Explore Giant Anteater, Brazil and more!

Giant anteater by manoela bernardy

Giant anteater by manoela bernardy

White-Lipped Peccary - The white-lipped peccary (Tayassu pecari) shares many similarities with the collared peccary, although the former species is known to be more aggressive. It also is more social, living in herds of 50 to several hundred animals. When startled, such as by a safari vehicle at night, the peccary makes a harsh clicking sound and releases a musky skunk-like odor.

White-Lipped Peccary - The white-lipped peccary (Tayassu pecari) shares many similarities with the collared peccary, although the former species is known to be more aggressive. It also is more social, living in herds of 50 to several hundred animals. When startled, such as by a safari vehicle at night, the peccary makes a harsh clicking sound and releases a musky skunk-like odor.

A baby elephant drinking...when they are this young, they don’t know how to use their trunks to drink.

A baby elephant drinking...when they are this young, they don’t know how to use their trunks to drink.

Puma by on of my guests, Brian Davis.

Puma by on of my guests, Brian Davis.

by Molly Leight

by Molly Leight

by manoela bernardy

by manoela bernardy

The Pantanal  This vast wetland area, which spreads across parts of Brazil, Paraguay and Bolivia, may be less famous than the Amazon, but the wildlife watching here is superb. You will find more than 650 bird species and 80 mammal species, including the capybara (the world’s largest rodent, pictured), giant otters and monkeys. In fact, owing to the dense concentration of species, your chances of seeing animals here are generally better than in most parts of the Amazon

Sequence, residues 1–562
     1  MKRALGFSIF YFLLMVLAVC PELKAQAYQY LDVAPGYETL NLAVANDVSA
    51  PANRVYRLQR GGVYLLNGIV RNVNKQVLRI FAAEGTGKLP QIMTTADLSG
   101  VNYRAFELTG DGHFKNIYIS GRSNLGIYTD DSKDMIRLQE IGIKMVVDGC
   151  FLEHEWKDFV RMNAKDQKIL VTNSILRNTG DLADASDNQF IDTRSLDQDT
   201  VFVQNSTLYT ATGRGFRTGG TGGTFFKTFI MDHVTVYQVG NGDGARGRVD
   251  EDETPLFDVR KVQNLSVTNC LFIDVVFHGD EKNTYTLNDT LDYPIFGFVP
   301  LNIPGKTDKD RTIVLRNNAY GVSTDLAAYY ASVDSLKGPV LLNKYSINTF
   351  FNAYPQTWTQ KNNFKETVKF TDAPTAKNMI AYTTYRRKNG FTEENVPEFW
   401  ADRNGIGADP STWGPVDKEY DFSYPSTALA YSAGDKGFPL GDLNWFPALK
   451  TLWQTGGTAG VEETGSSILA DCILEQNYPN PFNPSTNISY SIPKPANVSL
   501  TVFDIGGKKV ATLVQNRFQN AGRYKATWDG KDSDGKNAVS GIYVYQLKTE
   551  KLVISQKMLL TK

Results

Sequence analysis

Unmissable South America

The Pantanal This vast wetland area, which spreads across parts of Brazil, Paraguay and Bolivia, may be less famous than the Amazon, but the wildlife watching here is superb. You will find more than 650 bird species and 80 mammal species, including the capybara (the world’s largest rodent, pictured), giant otters and monkeys. In fact, owing to the dense concentration of species, your chances of seeing animals here are generally better than in most parts of the Amazon

Giant Armadillos have poor eyesight and see the world largely through scent. Here, one checks the air around the den before heading off for the night.

Giant Armadillos have poor eyesight and see the world largely through scent. Here, one checks the air around the den before heading off for the night.

Caimans by manoela bernardy

Caimans by manoela bernardy

Anhinga drying it's wings out.

Anhinga drying it's wings out.

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